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BEM - Methodology to enable reuse in front-end development - Interview with Sergey Berezhnoy


Developing large scale applications requires a certain amount of discipline. Sometimes it is enforced by the environment; sometimes you have to apply it yourself through conventions. Likely both are needed to some extent. As applications grow in complexity, the need for clear architecture grows unless you want to end up with a big ball of mud or a similar disaster.

To learn more about the topic, I am interviewing Sergey Berezhnoy, one of the authors of BEM.

Can you tell a bit about yourself?

Sergey Berezhnov

I am a web developer in Yandex since 2005, and I participate in the development of such Yandex services like Search, Mail, Blog Search, Yandex blogging platform, Video and Images searches. Along with service development created internal tools for web development. I am one of the co-authors of BEM.

How would you describe BEM to someone who has never heard of it?

BEM is an architecture pattern allowing to achieve flexible and maintainable code. It’s a way to make your code self-descriptive and predictable keeping everything consistent and familiar to all the developers on a project.

And all you need to achieve this for literally any interface is just a few concepts:

  1. Blocks to split an interface into components
  2. Elements to split complex blocks into parts
  3. Modifiers to express state
  4. Mixes to have different blocks or elements on the same DOM node
  5. Redefinition levels to build a project layer by layer avoiding copy/paste.

How does BEM work?

The idea behind BEM is similar to Web Components or any other component approach to web development.

Grasping sizeable complex system at once is hard. Developers may split it into simple reusable blocks which are easy to use and maintain. And then they can be used as Lego bricks to build anything.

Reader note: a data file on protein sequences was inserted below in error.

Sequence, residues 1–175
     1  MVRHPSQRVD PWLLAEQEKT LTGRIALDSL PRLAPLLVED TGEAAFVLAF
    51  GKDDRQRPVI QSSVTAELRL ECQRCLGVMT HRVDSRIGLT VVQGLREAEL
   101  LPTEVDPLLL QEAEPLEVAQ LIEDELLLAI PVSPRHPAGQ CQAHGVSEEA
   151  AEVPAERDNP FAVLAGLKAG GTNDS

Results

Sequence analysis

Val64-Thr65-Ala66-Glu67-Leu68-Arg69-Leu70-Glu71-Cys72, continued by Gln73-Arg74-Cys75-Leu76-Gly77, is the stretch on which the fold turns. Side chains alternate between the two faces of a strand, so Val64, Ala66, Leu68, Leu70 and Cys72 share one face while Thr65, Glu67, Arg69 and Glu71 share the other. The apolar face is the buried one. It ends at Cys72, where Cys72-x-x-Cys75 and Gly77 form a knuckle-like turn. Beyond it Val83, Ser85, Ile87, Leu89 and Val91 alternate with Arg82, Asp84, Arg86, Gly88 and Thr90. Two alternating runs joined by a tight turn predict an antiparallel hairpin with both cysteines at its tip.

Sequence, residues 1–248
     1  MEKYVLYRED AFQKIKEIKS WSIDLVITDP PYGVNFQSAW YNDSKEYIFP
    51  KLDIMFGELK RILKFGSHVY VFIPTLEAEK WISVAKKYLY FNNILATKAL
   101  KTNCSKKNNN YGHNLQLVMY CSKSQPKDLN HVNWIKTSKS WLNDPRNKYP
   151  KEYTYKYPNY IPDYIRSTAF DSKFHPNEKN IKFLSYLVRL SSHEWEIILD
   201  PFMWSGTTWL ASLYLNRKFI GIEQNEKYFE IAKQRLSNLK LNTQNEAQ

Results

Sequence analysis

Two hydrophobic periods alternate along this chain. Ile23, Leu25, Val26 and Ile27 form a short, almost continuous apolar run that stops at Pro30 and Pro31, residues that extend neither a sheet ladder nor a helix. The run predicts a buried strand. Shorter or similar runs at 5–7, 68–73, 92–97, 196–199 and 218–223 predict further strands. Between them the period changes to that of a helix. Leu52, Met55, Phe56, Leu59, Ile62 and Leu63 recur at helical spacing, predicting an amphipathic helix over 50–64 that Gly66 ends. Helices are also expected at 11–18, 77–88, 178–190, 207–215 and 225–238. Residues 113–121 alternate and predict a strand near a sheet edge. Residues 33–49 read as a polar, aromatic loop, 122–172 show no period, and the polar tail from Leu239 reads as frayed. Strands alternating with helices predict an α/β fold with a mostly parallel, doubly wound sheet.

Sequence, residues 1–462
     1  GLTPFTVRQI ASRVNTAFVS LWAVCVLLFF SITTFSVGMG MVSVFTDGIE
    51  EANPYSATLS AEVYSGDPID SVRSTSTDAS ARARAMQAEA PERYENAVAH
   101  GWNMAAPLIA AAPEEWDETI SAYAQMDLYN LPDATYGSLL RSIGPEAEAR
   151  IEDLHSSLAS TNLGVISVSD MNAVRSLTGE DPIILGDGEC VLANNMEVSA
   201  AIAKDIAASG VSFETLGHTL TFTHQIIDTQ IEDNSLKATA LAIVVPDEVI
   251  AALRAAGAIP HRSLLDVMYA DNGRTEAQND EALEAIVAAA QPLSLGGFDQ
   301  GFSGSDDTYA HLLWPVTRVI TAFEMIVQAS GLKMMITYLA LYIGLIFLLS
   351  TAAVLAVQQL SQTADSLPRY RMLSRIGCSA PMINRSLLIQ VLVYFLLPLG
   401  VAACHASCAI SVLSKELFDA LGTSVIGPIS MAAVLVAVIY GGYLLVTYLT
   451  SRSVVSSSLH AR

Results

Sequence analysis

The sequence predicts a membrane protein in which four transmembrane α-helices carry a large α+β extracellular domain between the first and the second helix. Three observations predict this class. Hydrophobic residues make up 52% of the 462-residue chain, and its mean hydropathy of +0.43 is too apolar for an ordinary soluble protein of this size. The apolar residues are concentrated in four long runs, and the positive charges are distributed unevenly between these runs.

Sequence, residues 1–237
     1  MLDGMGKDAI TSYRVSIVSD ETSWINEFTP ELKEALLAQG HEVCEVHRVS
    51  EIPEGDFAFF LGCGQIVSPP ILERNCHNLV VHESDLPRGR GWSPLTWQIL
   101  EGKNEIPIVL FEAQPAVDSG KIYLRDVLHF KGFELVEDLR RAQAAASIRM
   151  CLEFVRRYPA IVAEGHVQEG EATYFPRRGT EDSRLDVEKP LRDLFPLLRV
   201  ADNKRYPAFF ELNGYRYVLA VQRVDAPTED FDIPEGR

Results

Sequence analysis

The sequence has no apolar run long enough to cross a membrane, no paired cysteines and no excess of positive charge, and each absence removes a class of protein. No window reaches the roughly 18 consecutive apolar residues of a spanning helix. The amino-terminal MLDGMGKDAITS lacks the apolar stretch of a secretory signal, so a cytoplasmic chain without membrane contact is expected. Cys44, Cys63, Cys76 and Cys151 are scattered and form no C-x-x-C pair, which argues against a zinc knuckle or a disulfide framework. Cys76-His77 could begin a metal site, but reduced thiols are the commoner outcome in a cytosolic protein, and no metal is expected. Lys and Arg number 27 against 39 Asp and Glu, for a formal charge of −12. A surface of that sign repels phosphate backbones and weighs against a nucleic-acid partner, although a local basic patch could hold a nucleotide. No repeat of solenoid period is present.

BEM provides best practices for that as well as ready-made tools and block libraries.

How does BEM differ from the other solutions?

First, BEM is just a concept (similar to OOP).

The main power of BEM is that it works for any tech (HTML, CSS, JS, tests, documentation, etc.) and everything can be described with just a few simple concepts.

BEM can be implemented in many different ways on any programming language.

Of course, we have our own, and as we love JavaScript, it’s JS based.

Why did you develop BEM?

Initially, we faced a few problems:

  1. Avoiding copy/paste on different projects with the same design style guide
  2. Keeping large projects maintainable
  3. Having unified structure on different projects to make it familiar to developers

So BEM was started to solve these problems but eventually became much more powerful.

For all the steps of BEM evolution see The history of BEM.

What next?

I’ll continue to popularize BEM methodology and develop examples of implementations in different techs. Here’s one of them for React:

There’s also a video from FullStackConf where we talked about all the features of BEM.

Everything about interaction design in large teams is also important for me. As the department of search interfaces development continues to grow, we want to get benefits from the fact that so many cool people gathered in one place. It’s a pity though such insights are hard to open source.

I’m sure that the component approach will continue to evolve. For example, nowadays in React the same ideas we used in our code several years ago are implemented. I hope that other concepts of the BEM methodology will be more widely known because ultimately it will make it easier to do web interfaces and it is beneficial to all of us as users.

What advice would you give to programmers getting into web development?

Be always open to learning something new. On the other hand, do not reinvent the wheel but improve it — do not hurry to create your solution, take your time to find existing once and improve.


Thanks for the interview Sergey! Conventions have power!

To learn more about BEM, visit